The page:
Since the 2011 enactment of Georgia’s new evidence code, several federal evidence rules have been revised. Georgia has not adopted any of these upgrades. House Bill 478 could provide a venue to scrutinize enactment of these evolved federal rules in Georgia.
Protecting Defendants’ Rights While Streamlining Trials
Federal Rule of Evidence 611(b) restricts cross-examinations to “the subject matter of the direct examination and matters affecting the witness’s credibility.” Georgia rejected this limitation in favor of the “wide-open” cross–examination rule from former Georgia law. Decades of scholarship has decried the Georgia approach as encroaching on the fair trial rights of criminal defendants.
Federal Rule of Evidence 611(b) also streamlines trials. Case backlogs due to COVID-19 are facing Georgia courts. Modern evidence rules need to embody proposals which advance cases. The federal cross-examination pattern is one such example. Hearings over House Bill 478 could allow for Georgia’s reconsideration of that very federal rule.
Reducing Redundancies and Overlapping Rules
Georgia preserved any number of former Georgia evidence rules on subjects covered by federal rules that Georgia also adopted. This continues to cause unneeded ambiguity. Hearings on House Bill 478 have the potential to advance “clean–up” revisions to areas where two inconsistent rules operate.
Proposing Progressive, Victim-Rights Rules
In sexual assault cases, both the federal and Georgia evidence laws ease character evidence restrictions on policy grounds, helping the cause of rape and child molestation victims. This assists the prosecution of cases where the defendant is a serial sex-offender. It means that the accused’s prior sexual misconduct is more readily admissible.
Eliminating Unneeded Confusion and Delay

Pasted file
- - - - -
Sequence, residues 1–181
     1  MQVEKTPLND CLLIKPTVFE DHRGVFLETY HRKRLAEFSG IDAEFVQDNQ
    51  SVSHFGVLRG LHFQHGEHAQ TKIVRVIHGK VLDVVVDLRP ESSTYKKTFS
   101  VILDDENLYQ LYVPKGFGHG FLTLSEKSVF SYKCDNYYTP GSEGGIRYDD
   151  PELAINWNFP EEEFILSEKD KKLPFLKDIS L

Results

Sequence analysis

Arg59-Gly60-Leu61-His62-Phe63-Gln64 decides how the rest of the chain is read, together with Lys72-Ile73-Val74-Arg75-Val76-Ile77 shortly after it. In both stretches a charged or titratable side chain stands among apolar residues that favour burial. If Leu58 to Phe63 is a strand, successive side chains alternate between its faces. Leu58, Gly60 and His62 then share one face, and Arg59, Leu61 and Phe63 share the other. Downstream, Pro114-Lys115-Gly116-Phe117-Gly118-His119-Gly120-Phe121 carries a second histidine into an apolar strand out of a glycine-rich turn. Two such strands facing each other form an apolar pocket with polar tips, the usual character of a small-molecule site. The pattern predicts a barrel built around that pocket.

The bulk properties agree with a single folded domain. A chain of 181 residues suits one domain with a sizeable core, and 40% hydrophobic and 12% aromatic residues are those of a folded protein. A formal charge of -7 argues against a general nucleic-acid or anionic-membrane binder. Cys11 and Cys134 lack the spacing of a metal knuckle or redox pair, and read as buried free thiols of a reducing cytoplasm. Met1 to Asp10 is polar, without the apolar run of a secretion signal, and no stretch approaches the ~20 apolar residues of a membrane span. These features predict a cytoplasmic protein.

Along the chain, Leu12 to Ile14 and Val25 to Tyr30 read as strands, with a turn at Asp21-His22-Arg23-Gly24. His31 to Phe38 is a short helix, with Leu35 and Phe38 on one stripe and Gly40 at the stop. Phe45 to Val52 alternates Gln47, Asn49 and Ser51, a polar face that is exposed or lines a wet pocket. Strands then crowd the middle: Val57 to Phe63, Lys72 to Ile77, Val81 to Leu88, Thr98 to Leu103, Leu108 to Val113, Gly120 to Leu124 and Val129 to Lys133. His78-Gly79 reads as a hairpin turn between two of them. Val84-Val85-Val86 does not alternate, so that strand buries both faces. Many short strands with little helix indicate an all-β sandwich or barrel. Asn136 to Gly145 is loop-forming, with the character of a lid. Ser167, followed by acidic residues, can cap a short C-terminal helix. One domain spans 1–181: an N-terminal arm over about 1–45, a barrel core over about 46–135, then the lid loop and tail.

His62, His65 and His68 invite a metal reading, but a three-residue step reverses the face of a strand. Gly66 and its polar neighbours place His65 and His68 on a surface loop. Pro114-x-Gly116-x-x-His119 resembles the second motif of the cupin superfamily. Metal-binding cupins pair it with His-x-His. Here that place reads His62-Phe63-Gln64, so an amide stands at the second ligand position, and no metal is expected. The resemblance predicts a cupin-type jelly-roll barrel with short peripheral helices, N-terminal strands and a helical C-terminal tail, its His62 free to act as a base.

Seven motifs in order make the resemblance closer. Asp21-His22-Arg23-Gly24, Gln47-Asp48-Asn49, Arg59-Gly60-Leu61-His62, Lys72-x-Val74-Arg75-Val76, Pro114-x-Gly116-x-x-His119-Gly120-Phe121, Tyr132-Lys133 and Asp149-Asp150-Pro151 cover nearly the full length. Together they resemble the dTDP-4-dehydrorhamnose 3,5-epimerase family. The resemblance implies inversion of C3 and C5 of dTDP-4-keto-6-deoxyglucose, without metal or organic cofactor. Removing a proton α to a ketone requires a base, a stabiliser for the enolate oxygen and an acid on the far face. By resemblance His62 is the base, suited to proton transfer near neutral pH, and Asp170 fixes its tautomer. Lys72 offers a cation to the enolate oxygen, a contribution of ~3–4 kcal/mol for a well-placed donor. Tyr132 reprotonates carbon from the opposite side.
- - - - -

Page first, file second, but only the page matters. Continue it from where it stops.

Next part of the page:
As in the child molestation case described at the outset, mixed signals over which body of evidence law applies, new versus old, federal versus former Georgia, has created unnecessary disputes and wasted court time. Expanding the dialogue on House Bill 478 could move Georgia forward in the task of refining its evidence law to avoid statutory pitfalls.
The Importance of Evidence Law Reform
The purpose of this column is not to advance a position on the merits of House Bill 478, or any measure delineated herein. Spirited debate on both sides may well occur in the future.
At the close of the 2021 Georgia legislative session, House Bill 478 remained pending and only concerns one issue: the criminal expert opinion standard. Nevertheless, a more expansive approach to House Bill 478 has the potential to generate discussion over broader reforms, serve universal interests and educate in the process.
Ron and Mike Carlson are trial and appellate advocates, legal authors and lecturers who have taught law school courses in advanced evidence law. Their treatise, Carlson on Evidence, has been cited authoritatively in over 50 Georgia appellate court decisions. The opinions and positions expressed in this column belong to the Carlsons do not represent those of any organization or institution.